From major banks to local painting companies, no one can escape the influence of the IT world on business. The IT Academy Noord-Nederland is preventing shortages in the labor market by providing a retraining program. “We are creating a new pond for companies to fish in.”

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Robin van den Berg

Companies in the IT sector are currently fishing in too small a pond with too few fish. “If we keep going at this rate, then the growth of the sector will soon come to a halt,” says director of the IT Academy Robin van den Berg. “Existing IT professionals are being ‘pumped around’ the system, but, of course, that’s not how you solve the shortage.”

The IT Academy has been providing retraining programs for two years now for people with higher professional education from other sectors who want to work in IT, under the name Make IT Work. “With the retraining program, we are also targeting everyone who was not initially planning to go into IT. This way, we are actually creating a new pond for companies to fish in.”

A strict selection procedure takes place at Make IT Work to make sure that each trainee can cope with the level of the training and that companies are satisfied with their future employees. “Only 25% of applicants are admitted,” says Van den Berg. “IT is simply not for everyone.” Nevertheless, a diverse group of participants is left, of which more than a third are women. The average age is a lot higher than an average IT course; about 30 years old. What’s more, Make IT Work has a very low dropout rate of around 6%.

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    The IT Academy Noord-Nederland

    The courses offered by the IT Academy Noord-Nederland – part of Hanze University and founded by the Hanze University of Applied Sciences Groningen, the University of Groningen (RUG), Noorderpoort, the Municipality and Province of Groningen and Samenwerking Noord – are not your average types of courses. In addition to the retraining program, all of the education offered by the IT Academy is done in close cooperation with the business community. For example, the IT Academy developed a Java programming course, specially tailored to the Dutch Education Executive Agency (Dienst Uitvoering Onderwijs – DUO). In recent years, almost 2400 professionals working at various companies, institutions and organizations in the North have followed an IT course at the IT Academy.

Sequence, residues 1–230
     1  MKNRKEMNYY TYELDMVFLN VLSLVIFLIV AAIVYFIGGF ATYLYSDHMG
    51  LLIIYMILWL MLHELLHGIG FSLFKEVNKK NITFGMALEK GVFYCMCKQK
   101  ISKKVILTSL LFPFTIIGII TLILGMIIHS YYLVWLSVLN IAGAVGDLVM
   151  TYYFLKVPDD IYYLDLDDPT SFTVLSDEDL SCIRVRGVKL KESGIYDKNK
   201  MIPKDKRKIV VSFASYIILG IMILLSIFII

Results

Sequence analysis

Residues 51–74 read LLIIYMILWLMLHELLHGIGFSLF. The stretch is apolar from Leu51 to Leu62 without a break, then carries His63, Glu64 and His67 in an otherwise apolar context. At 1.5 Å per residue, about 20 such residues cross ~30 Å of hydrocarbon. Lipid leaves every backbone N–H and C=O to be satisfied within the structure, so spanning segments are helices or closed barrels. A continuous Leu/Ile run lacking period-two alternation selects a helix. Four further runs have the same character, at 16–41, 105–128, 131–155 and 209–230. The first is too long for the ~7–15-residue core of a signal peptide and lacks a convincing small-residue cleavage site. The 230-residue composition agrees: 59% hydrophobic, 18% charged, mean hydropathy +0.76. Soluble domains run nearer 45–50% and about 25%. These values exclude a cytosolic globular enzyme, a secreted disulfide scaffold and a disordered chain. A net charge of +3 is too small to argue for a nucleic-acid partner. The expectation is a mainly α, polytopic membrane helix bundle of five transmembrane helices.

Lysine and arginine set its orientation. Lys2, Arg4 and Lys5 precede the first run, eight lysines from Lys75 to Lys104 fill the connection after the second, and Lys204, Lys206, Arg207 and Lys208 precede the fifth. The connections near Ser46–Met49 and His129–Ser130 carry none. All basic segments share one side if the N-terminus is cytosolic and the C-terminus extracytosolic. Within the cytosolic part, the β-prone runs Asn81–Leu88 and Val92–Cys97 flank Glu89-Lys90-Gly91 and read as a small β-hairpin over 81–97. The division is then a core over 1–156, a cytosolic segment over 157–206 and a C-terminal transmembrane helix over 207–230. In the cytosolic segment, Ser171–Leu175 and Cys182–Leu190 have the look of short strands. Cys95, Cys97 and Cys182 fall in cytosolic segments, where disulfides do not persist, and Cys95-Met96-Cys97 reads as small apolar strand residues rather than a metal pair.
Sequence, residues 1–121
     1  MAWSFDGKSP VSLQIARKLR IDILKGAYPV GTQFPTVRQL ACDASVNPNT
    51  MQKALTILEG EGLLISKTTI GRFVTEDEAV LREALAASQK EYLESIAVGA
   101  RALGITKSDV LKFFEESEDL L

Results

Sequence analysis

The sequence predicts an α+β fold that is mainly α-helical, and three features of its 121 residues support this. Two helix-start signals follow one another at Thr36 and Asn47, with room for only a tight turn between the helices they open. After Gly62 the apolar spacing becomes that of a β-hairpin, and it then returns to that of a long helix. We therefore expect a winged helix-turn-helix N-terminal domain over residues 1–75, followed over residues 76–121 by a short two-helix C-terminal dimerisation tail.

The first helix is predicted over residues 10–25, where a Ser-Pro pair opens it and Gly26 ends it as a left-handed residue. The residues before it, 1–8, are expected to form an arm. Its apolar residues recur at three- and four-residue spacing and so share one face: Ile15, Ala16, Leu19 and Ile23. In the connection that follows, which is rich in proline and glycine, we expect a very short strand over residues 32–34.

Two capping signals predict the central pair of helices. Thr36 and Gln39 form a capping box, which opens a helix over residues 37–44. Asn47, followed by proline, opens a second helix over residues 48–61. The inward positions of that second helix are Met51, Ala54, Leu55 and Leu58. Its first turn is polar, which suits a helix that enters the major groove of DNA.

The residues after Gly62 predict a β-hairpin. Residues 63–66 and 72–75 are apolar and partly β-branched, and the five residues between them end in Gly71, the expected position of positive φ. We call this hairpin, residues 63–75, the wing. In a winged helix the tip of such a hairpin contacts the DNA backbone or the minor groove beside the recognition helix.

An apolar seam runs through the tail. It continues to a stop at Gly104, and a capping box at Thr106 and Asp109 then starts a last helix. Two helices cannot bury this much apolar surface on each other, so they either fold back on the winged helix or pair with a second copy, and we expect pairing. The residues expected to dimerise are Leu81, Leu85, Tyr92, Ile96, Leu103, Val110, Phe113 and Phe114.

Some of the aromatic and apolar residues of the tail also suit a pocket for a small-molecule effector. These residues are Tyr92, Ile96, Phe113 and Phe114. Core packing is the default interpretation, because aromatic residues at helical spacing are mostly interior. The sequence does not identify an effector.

From archaeologist to IT professional

    Vincent Velthuizen, an ICT teacher at the retraining project, stands before a diverse group of trainees every year. He has trained all kinds of people to become an IT professional, among them a former archaeologist and a teacher of classical languages. “That sometimes elicits surprising reactions from future colleagues . After completing the training, the classical languages teacher told her colleagues on her first day at work that she used to teach classical languages. To which her colleagues said: ‘So, you know all about classical programming languages, cool!’ When she pointed out that it was Latin and Greek, they were really surprised.”

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    Vincent Velthuizen

    When it comes to gender diversity, Make IT Work’s group of trainees also looks a bit different than the average class. “I taught ICT in high schools,” says Velthuizen. “Then there were maybe 3 or 4 girls in a class of 20 students.” These days, he teaches classes where often half of the students are women. And there is also a range in ages. “There are twenty-somethings that come to the course who realized they had chosen the wrong course. But I also see people in their 50s and older who see the world around them shifting and want to move with it.”

    That Make IT Work speaks to such a diverse group of people has everything to do with perception, according to Van den Berg. “Young people still see the IT world as ‘nerdy’. They picture Bill Gates programming away in an attic room. But when people get older, including women, they sometimes come into contact with IT people. And they also see that it is a very normal branch of sport. That makes them more open to it.”

    Dutch city of Groningen as a digital capital

    It is not only IT enthusiasts who have to deal with the digitalization of society. It’s about time that everyone starts benefiting from the insights into IT, Van den Berg contends. “In the past, you had a separate IT sector. But nowadays IT is applied across all kinds of different industries.” That’s why the IT Academy Noord-Nederland, in cooperation with Biblionet Groningen, Noorderpoort and the RUG, is starting the Digital Academy Noord-Nederland, in addition to the already existing courses. “We want to raise the level of everyone in the northern Netherlands where digitalization is concerned.”

    This initiative fits in well with the goals of the Digital Literacy Coalition (DLC) to make Groningen the most “digitally literate” city and region in the Netherlands by 2025. That may sound ambitious, but it’s desperately needed, Van den Berg contends. “Ultimately, you want everyone to be able to keep up with the IT world to some extent. The last thing you want is that there’s a gap between the digital world and the vast majority of the population.”

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    See also:
    Port of Lauwersoog on track to go green with ‘completely independent hydrogen supply chain’
    Groningen innovates fully with hydrogen: ‘We want to scale up’
    Old bus as a classroom: A sneak peak at the ‘creative Suikerterrein’ in the Dutch city of Groningen


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